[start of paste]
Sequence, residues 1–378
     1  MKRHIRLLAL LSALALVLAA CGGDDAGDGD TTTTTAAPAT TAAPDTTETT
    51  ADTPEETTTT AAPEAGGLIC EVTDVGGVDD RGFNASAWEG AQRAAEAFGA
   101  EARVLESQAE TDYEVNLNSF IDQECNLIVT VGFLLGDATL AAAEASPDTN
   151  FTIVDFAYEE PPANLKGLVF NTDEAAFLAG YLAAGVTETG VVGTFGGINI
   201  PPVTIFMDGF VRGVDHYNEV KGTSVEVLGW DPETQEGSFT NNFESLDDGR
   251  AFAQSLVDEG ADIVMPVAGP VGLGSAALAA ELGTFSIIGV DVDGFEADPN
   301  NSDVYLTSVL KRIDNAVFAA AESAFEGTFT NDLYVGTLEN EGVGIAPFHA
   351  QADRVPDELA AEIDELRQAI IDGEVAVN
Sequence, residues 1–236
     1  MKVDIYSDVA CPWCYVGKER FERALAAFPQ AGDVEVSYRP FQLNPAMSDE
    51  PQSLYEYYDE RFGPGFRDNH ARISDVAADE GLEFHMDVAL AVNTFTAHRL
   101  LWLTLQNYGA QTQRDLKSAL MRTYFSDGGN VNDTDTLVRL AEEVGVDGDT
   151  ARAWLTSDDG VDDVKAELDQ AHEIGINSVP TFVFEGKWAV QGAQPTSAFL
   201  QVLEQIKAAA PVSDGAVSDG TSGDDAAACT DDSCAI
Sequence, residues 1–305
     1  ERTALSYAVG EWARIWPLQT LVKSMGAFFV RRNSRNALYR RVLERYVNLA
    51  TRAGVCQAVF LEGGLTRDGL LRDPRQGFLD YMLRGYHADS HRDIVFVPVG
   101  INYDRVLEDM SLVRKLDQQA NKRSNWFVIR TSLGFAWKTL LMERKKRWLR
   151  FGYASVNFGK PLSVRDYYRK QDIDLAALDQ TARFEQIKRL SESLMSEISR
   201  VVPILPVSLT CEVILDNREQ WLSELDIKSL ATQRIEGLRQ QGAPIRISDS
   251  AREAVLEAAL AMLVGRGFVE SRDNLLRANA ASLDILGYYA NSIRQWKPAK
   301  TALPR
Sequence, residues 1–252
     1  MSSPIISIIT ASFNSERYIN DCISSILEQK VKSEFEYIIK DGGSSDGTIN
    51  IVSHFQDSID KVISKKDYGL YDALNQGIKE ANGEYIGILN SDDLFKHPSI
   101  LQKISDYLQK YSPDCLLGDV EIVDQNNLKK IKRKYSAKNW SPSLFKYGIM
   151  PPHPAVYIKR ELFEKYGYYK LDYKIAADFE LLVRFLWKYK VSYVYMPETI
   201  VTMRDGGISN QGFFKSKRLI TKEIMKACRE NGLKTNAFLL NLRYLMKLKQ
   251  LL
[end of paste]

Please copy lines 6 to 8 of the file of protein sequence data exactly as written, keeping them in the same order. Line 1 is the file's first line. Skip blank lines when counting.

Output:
   201  PPVTIFMDGF VRGVDHYNEV KGTSVEVLGW DPETQEGSFT NNFESLDDGR
   251  AFAQSLVDEG ADIVMPVAGP VGLGSAALAA ELGTFSIIGV DVDGFEADPN
   301  NSDVYLTSVL KRIDNAVFAA AESAFEGTFT NDLYVGTLEN EGVGIAPFHA